According to Wikipedia, the earliest forms of beds were piles of straw, leaves or animal skins. In some instances dried bracken was used. What’s bracken? It’s a fern. A tall one. Archeologists found bedding dating back to 77, 000 BC, in the Sibudu Cave in northern KwaZulu-Natal.
Those early beds had sedge and other monocotyledons topped with the leaves of is locally known as the Cape quince.
It’s a shrub or small forest tree that packs easily to provide a comfy base.
Then, in 3,200 BC, researchers found rudimentary beds that were raised off the ground, made of stone and packed with a variety of naturally occurring fillers.
But it was the Egyptians who took things to, literally, a new level. Beds in Egypt were found to have high bedsteads which were ascended by steps, with bolsters or pillows, and curtains to hang around. According to Wiki, the elite of Egyptian society (pharaohs and queens) even had beds made of wood that were sometimes gilded. A head-rest was not uncommon and many were carved out of stone, wood, or metal.
Ancient Assyrians, Medes, and Persians had beds of a similar kind, and frequently decorated their furniture with inlays or appliqués of metal, mother-of-pearl, and ivory.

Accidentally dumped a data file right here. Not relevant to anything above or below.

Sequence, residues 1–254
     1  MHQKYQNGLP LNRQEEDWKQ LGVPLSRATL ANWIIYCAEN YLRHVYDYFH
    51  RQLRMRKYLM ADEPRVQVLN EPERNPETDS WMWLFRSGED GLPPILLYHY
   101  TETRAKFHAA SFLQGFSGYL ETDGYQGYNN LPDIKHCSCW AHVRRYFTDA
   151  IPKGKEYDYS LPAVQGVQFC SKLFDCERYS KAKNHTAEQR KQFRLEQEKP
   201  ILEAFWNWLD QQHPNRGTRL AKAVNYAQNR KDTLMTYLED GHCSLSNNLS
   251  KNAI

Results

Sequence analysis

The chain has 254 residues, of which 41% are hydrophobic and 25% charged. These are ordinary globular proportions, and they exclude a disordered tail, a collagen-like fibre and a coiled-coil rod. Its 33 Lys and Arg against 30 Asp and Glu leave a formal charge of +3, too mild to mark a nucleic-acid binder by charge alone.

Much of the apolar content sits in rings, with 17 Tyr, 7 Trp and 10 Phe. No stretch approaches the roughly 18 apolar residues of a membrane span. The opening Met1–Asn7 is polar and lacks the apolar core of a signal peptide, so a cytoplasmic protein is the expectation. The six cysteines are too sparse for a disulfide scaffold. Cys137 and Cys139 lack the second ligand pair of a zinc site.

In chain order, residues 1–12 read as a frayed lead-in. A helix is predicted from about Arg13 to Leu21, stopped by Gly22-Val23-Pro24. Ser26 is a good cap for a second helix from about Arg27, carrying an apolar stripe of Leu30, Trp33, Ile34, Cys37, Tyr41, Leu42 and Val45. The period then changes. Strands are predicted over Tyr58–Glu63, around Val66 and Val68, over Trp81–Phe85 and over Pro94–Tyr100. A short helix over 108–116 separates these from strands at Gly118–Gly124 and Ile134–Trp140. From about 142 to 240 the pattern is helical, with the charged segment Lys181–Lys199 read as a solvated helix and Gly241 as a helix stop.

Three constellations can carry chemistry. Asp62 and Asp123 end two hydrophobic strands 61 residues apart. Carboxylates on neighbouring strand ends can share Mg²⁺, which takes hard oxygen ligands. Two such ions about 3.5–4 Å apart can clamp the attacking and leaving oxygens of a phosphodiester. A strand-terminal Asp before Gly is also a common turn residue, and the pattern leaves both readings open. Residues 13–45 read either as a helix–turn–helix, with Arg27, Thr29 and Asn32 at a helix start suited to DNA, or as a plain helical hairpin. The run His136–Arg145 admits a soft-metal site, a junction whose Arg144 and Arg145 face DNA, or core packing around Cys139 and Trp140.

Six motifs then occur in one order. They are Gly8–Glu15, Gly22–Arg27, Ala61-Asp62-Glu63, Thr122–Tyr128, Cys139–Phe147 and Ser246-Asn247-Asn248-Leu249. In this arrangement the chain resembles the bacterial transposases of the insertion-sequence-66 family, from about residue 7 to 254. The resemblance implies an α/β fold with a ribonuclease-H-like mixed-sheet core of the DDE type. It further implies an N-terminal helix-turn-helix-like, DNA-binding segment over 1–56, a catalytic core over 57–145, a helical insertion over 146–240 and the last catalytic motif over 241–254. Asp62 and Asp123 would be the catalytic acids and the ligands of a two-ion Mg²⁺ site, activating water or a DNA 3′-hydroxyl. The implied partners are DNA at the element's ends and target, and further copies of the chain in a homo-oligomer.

From then on, mattresses were filled with reeds, hay, or even wool. Feathers were introduced as a form of luxury. Small cushions were placed at the head.
It was the Ancient Romans who introduced purpose for beds.
For example a chamber bed was designated for normal sleeping and rest, a marriage bed was decorated and placed strategically, and a table bed allowed people to lie on their sides and eat.
There was even a bed for studying and of course a bed on which to lay the dead on.
These days, bar laying a deceased person on, one bed serves all the above functions.
There are even beds that allow one side to be raised and lowered according to what activity one wishes to do.
And there you have it. The comprehensive history of the humble bed. You’re welcome.